April 3, 2019 / 10:37 PM / in 15 days

Amazon.com should share web domain name rights, Brazil says

FILE PHOTO: The logo of Amazon is seen on the door of an Amazon Books retail store in New York City, U.S., February 14, 2019. REUTERS/Brendan McDermid/File Photo

BRASILIA (Reuters) - Brazil has proposed a compromise to a seven-year battle that has quietly raged over the Amazon.com internet domain: let the nations bordering the world’s largest rainforest co-govern the digital address with the biggest online retailer.

Amazon.com Inc has been seeking rights to the domain name since 2012. But Amazon basin countries Brazil, Bolivia, Peru, Ecuador, Colombia, Venezuela, Guyana and Suriname have argued that it refers to their geographic region and thus belongs to them and should not be “the monopoly of one company.”

The global Internet Corporation for Assigned Names and Numbers (ICANN), which oversees internet addresses, has extended until this month a deadline for the parties to reach a deal.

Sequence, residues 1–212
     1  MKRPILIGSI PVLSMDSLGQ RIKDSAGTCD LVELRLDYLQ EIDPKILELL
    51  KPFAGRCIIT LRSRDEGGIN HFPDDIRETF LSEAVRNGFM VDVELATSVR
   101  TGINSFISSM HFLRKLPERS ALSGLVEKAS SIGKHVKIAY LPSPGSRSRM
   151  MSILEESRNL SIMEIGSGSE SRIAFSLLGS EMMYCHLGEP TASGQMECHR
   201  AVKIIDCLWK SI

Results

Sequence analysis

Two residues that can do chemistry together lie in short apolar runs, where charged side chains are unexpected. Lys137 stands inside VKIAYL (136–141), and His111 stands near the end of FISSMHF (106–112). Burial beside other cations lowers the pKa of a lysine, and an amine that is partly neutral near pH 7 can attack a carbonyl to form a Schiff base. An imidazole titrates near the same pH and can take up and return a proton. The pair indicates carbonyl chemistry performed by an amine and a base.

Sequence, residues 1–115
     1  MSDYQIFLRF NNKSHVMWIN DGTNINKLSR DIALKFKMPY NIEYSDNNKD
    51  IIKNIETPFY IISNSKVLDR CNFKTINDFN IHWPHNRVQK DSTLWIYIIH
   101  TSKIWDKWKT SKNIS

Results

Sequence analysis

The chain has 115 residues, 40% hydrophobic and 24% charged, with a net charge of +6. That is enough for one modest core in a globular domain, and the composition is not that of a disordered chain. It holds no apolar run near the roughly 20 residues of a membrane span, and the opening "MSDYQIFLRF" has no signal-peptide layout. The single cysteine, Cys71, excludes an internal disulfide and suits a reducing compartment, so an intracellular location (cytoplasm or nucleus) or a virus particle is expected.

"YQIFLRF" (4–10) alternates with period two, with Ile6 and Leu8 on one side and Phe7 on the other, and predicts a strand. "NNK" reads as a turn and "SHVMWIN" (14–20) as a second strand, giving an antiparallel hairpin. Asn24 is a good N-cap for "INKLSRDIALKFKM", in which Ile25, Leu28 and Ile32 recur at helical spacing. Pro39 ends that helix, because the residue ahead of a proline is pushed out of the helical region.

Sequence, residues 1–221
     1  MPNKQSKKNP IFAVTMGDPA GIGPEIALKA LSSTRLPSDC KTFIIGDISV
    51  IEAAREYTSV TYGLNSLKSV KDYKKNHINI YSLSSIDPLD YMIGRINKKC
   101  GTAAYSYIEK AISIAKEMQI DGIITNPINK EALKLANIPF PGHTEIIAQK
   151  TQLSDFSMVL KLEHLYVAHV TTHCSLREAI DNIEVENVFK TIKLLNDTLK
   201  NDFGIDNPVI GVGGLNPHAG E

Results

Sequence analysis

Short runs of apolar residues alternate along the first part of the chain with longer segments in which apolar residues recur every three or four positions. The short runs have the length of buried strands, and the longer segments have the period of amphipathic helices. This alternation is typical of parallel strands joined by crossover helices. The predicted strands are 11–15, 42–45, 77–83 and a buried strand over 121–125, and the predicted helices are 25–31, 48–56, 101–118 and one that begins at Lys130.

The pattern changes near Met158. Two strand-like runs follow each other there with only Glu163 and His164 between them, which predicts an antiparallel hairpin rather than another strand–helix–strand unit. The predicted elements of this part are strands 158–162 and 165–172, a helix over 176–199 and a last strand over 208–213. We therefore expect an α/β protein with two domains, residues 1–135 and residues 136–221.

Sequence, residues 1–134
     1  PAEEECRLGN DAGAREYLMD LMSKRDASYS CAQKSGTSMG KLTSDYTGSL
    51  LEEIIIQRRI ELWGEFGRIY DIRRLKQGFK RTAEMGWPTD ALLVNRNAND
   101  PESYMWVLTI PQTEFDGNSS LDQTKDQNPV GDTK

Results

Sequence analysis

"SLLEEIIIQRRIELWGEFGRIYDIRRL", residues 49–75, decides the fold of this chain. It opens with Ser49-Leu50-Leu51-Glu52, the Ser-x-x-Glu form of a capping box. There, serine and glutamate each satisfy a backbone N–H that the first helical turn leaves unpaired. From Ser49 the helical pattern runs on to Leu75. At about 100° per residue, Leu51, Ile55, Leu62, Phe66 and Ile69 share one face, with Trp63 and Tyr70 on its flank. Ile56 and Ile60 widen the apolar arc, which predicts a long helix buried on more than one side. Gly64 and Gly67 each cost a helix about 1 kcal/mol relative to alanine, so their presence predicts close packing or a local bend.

“As a compromise solution for the ‘dot Amazon’ issue, we proposed our participation in the governance of this digital territory, with a view to safeguarding and promoting the natural, cultural and symbolic heritage of the Amazon region on the Internet,” Brazil’s deputy Foreign Minister Otavio Brandelli proposed on Wednesday.

“This would be an innovative mechanism, setting a positive precedent of public-private partnership in the development of internet governance,” he said in a statement to Reuters, without explaining how it would work.

He said the proposal would give Amazon.com the chance to show Amazon countries and public opinion that it is “a fully responsible corporation, capable of reconciling commercial interest with values cherished by its customers.”

ICANN placed Amazon.com’s request on a “Will not proceed” footing in 2013, but an independent review process sought by the company faulted that decision and ICANN then told the Amazon basin nations they had to reach an agreement with the company.

Amazon.com has offered millions of dollars in free Kindles and hosting by Amazon web services to resolve the issue, according to various reports.

Reporting by Anthony Boadle; Editing by Richard Chang

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